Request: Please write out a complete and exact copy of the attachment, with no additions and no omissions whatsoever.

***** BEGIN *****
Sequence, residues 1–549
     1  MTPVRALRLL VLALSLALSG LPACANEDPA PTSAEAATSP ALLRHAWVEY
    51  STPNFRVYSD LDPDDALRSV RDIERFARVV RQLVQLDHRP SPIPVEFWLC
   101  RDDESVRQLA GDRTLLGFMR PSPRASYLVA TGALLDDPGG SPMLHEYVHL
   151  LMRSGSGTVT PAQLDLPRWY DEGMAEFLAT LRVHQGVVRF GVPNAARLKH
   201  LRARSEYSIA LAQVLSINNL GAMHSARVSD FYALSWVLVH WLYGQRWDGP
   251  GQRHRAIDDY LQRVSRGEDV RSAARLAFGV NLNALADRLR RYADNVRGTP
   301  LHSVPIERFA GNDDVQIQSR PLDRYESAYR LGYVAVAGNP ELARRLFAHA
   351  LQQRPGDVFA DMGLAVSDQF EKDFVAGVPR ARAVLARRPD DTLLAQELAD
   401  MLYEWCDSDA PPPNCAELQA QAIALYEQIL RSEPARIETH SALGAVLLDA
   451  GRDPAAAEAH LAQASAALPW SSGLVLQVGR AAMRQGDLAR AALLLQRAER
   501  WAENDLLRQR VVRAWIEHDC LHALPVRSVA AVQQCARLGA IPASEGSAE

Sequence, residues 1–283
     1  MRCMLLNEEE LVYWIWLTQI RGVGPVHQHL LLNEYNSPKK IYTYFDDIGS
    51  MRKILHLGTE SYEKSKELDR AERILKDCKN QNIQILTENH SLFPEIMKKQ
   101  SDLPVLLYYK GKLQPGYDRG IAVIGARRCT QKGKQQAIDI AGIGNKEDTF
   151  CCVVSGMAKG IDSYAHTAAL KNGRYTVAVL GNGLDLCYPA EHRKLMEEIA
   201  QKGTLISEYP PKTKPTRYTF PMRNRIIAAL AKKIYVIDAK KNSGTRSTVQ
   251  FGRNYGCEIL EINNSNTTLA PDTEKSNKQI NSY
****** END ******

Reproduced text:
Sequence, residues 1–549
     1  MTPVRALRLL VLALSLALSG LPACANEDPA PTSAEAATSP ALLRHAWVEY
    51  STPNFRVYSD LDPDDALRSV RDIERFARVV RQLVQLDHRP SPIPVEFWLC
   101  RDDESVRQLA GDRTLLGFMR PSPRASYLVA TGALLDDPGG SPMLHEYVHL
   151  LMRSGSGTVT PAQLDLPRWY DEGMAEFLAT LRVHQGVVRF GVPNAARLKH
   201  LRARSEYSIA LAQVLSINNL GAMHSARVSD FYALSWVLVH WLYGQRWDGP
   251  GQRHRAIDDY LQRVSRGEDV RSAARLAFGV NLNALADRLR RYADNVRGTP
   301  LHSVPIERFA GNDDVQIQSR PLDRYESAYR LGYVAVAGNP ELARRLFAHA
   351  LQQRPGDVFA DMGLAVSDQF EKDFVAGVPR ARAVLARRPD DTLLAQELAD
   401  MLYEWCDSDA PPPNCAELQA QAIALYEQIL RSEPARIETH SALGAVLLDA
   451  GRDPAAAEAH LAQASAALPW SSGLVLQVGR AAMRQGDLAR AALLLQRAER
   501  WAENDLLRQR VVRAWIEHDC LHALPVRSVA AVQQCARLGA IPASEGSAE

Sequence, residues 1–283
     1  MRCMLLNEEE LVYWIWLTQI RGVGPVHQHL LLNEYNSPKK IYTYFDDIGS
    51  MRKILHLGTE SYEKSKELDR AERILKDCKN QNIQILTENH SLFPEIMKKQ
   101  SDLPVLLYYK GKLQPGYDRG IAVIGARRCT QKGKQQAIDI AGIGNKEDTF
   151  CCVVSGMAKG IDSYAHTAAL KNGRYTVAVL GNGLDLCYPA EHRKLMEEIA
   201  QKGTLISEYP PKTKPTRYTF PMRNRIIAAL AKKIYVIDAK KNSGTRSTVQ
   251  FGRNYGCEIL EINNSNTTLA PDTEKSNKQI NSY